Let’s break this down a bit.

  • Expertise: Google wants to see that you’re very knowledgeable or skilled in a particular area. Google wants to see that you’re (a.) A subject matter expert with deep knowledge or proficiency in a specific area. (b.) You’re able to communicate that expertise in a way that’s simple, easy-to-understand, and appealing to searchers.
  • Authoritativeness: It’s not enough that you’re a subject matter expert with deep knowledge or expertise. Google wants to see industry recognition — by other experts, thought leaders, or other well-known people and organizations in your space. What does this look like? Links and mentions from other authoritative sites with strong domain authority. You have a strong and recognizable brand, citations, or a Wikipedia page for your brand.
  • Trustworthiness: This is all about your reputation; transparency is essential here. Lots of positive mentions online, a strong review portfolio, media mentions, author bios, clear product specifications, a clear privacy policy, and terms of use — these are all compelling examples that demonstrate trustworthiness. 

High E-A-T content adheres to these guidelines, offering Google and searchers the helpful information they need. 

Here’s why E-A-T is so important. 

Google lists it as one of their most important page quality factors. E-A-T guidelines tell human reviewers, evaluating websites like yours, about the type of content Google considers high quality.

Here are the most important factors to consider when selecting an overall Page Quality rating: 

  • The Purpose of the Page 
  • Expertise, Authoritativeness, Trustworthiness: This is an important quality characteristic. Use your research on the additional factors below to inform your rating. 
  • Main Content Quality and Amount: The rating should be based on the landing page of the task URL. 
  • Website Information/information about who is responsible for the MC: Find information about the website and the creator of the MC. 
  • Website Reputation/reputation about who is responsible for the MC: Links to help with reputation research will be provided. 

In their guide, Google states various types of  “high E-A-T pages and websites.”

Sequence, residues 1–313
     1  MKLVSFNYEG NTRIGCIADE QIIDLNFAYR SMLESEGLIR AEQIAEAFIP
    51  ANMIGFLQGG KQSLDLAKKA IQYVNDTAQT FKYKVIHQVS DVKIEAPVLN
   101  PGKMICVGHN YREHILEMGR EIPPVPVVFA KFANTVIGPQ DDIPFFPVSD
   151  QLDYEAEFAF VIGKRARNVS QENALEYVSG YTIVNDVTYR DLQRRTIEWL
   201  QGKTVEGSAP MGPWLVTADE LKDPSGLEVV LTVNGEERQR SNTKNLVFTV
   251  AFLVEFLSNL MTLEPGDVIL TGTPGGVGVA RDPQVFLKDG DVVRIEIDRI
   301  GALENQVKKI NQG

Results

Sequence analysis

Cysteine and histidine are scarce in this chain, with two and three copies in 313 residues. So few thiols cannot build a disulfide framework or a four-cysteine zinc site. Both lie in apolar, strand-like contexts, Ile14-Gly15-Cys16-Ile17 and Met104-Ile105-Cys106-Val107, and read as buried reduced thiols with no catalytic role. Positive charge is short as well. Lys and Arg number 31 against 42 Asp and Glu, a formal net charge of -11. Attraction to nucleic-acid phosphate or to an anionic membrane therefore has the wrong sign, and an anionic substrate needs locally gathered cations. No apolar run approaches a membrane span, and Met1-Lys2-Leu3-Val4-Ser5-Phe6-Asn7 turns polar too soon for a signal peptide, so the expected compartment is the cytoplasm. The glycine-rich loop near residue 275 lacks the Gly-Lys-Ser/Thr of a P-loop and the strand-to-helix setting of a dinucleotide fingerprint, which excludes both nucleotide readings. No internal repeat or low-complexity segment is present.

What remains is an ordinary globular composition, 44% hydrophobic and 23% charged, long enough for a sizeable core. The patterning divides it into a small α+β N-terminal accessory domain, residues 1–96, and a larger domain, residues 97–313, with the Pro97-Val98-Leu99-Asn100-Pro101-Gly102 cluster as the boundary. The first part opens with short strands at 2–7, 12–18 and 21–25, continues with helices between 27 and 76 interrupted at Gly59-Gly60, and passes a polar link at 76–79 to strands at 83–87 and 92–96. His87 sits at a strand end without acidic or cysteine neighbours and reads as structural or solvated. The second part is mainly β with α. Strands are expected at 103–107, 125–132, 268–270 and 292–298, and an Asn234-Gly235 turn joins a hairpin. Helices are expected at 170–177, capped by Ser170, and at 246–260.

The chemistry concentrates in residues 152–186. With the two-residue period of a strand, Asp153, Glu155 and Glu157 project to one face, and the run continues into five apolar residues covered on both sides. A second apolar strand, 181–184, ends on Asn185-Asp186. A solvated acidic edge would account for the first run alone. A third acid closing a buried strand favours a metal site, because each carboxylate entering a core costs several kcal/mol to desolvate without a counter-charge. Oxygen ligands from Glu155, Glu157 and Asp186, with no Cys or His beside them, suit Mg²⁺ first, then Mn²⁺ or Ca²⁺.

• High E-A-T medical content should be created by people and organizations with appropriate medical expertise,  accreditation, and credentials. The consequences of low E-A-T content could have severe implications for readers, so this is essential. High E-A-T medical content is written in a professional style and edited, reviewed, and updated consistently. 
  • High E-A-T news content should be produced with journalistic rigor — adhering to journalism standards and ethics (e.g.,  factually accurate content presented in a way that amplifies reader understanding). High E-A-T news sources have publicly available editorial policies and review protocols, you know, like real journalists. 
  • High E-A-T information pages on scientific topics should be produced by people or organizations with the appropriate level and relevant scientific expertise. Google is looking for scientific consensus on issues where consensus exists; pseudoscience and fringe topics are generally frowned up. 
  • High E-A-T financial advice, legal advice, tax advice, etc., should come from competent, experienced, trustworthy sources. There are consequences to this type of content; disinformation or poor advice could be financially hazardous to readers.  Financial content should be reviewed, maintained, and updated consistently. 
  • High E-A-T advice pages on topics such as home remodeling or advice on parenting issues should also come from “expert” or experienced sources that users can trust. Again, there’s a high cost for poor quality content, so authors must produce the right kind of content. 
  • High E-A-T pages on hobbies, such as photography or learning to play guitar, also require expertise. It’s not as rigorous as medical or financial content, but Google expects that you have the necessary knowledge to produce high-quality content. 

As always, Google is focused on the user experience. 

Is E-A-T really that important? 


According to Google, certain types of topics or content may potentially “impact a person’s future happiness, health, financial stability or safety. Google refers to these pages as “Your Money or Your Life” pages (YMYL).

Here are some examples of YMYL content:

  • Civics government and law: This refers to content on a variety of pertinent topics — content on voting and elections (i.e., midterm elections), public institutions (i.e., the NIH or CDC), legal issues (e.g., creating a will, getting married or divorced, filing a lawsuit, etc.).